Getting off the Hiring Treadmill


As a recruiting professional or a small business owner, you may feel that you spend all your time hiring new employees and you might be right. The cycle is endless, just as you get someone up and running, the employee finds another opportunity, or you both realize it is just not the right fit.

Here are a few key questions and steps to follow to get you off the hiring treadmill.

Why is the job open?

If the job is open because you have grown your business to the point of needing more hands to do the work, that is wonderful news. However, if the job is open due to turnover, take a moment to assess the key components of the job before you post the opening again!  Having the discipline to take this time might be the hardest part of the recruiting process, but it’s really worth it. The cost of turnover is 30% of the annual salary for the job, according to the US Department of Labor, so getting the right person hired goes directly to your bottom line.

What are the key components of the job?

Hiring managers usually know the work they need to have done right now, but they may not think about what the job will look like in a month or two let alone a year from now. If you have other employees in that job that are doing really well, ask them what the key duties and responsibilities of the job really are (not what you think they are). Ask them what they needed to know day one and what they were able to learn on the job. This will help you sort out “what the job does” balance that with any changes you know are coming to the job.

Now you need to know “who the job needs”. We each have our own behavioral styles and jobs do to. Think of it this way, “If the job could talk, what would it say?” The job might say I need someone who follows the rules and likes to do repetitive work. Knowing this before falling in love with an outgoing, fast paced applicant, is vital.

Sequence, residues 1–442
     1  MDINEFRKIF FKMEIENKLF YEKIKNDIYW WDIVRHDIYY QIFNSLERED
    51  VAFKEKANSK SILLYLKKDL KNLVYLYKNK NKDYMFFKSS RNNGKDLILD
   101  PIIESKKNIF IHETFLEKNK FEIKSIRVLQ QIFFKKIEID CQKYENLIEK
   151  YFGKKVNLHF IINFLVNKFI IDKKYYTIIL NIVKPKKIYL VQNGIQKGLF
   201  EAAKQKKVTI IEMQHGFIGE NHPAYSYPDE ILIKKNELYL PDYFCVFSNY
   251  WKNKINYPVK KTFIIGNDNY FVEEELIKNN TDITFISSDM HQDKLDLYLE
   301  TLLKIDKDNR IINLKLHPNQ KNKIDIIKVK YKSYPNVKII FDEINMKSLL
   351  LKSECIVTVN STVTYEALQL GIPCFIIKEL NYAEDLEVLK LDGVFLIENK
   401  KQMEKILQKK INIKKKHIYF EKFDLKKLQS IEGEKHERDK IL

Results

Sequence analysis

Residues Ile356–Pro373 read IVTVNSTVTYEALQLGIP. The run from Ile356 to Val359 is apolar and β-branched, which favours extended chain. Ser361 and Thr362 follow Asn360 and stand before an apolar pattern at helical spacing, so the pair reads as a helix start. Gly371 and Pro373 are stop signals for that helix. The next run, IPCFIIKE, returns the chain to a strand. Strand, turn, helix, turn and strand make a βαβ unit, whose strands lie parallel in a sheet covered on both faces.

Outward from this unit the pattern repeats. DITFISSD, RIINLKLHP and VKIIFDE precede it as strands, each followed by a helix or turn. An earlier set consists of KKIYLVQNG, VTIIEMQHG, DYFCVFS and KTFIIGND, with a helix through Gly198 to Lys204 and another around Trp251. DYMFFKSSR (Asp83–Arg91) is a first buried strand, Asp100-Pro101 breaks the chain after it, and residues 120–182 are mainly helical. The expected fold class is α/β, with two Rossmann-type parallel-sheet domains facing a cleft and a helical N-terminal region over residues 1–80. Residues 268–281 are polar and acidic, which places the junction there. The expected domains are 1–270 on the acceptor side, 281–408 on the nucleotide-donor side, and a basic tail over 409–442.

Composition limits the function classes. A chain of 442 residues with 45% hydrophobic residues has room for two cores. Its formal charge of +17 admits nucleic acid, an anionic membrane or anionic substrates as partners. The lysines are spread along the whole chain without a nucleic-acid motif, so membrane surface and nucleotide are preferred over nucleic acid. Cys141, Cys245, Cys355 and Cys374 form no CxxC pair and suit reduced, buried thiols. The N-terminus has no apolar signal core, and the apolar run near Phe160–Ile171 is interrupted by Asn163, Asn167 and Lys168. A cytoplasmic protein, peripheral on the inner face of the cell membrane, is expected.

How can you identify the behavioral style of a person?

Including a behavioral assessment, such as the Predictive Index in your recruiting process is a great investment. Behavioral assessments will identify people who are behaviorally suited to do work in the way your job requires. Consider this, if you have a job opening for someone to jump all day, would you rather train a snail to jump or hire a frog? Yup, the frog is looking like the winning candidate.

How can you find the right person? Too often job postings focus on the core responsibilities of the position. Sometimes they may add the degrees or certifications required for the job, but they aren’t written to appeal to the type of person who will be best at the job. If you are looking for an extrovert to work in a fast-paced, client-focused position, be sure to write postings that ask: “Do you like meeting new people? Do you like face-paced work? Do you delight your clients no matter what?”

How will the new employee fit with the team? How will the new employee fit with the manager?

Behavioral styles can significantly impact employee satisfaction and engagement. A fast talking extrovert on a team full of quiet introverts will likely feel like a fish out of water. Likewise, a take charge new employee who reports to a wholly collaborative, people-pleasing manager will be frustrated. Behavioral assessments can bring a team together and can provide actionable insights to managers on how to lead in an employee-centric personalized way.

So, as a hiring manager, HR professional, or business owner, taking time to ask yourself these few key questions will save you miles in the end. Get off the hiring treadmill and create time to grow your business or work on those big picture projects you’ve been putting off.

By Christina Sarabia, Ph.D.

Christina Sarabia, Ph.D. is an Industrial Organizational psychologist with a successful track record promoting and contributing to business success. She partners with clients to create the people related strategies that drives your business. She is founder of Celesios (, a Gainesville-based firm providing customized professional coaching, training and leadership development.

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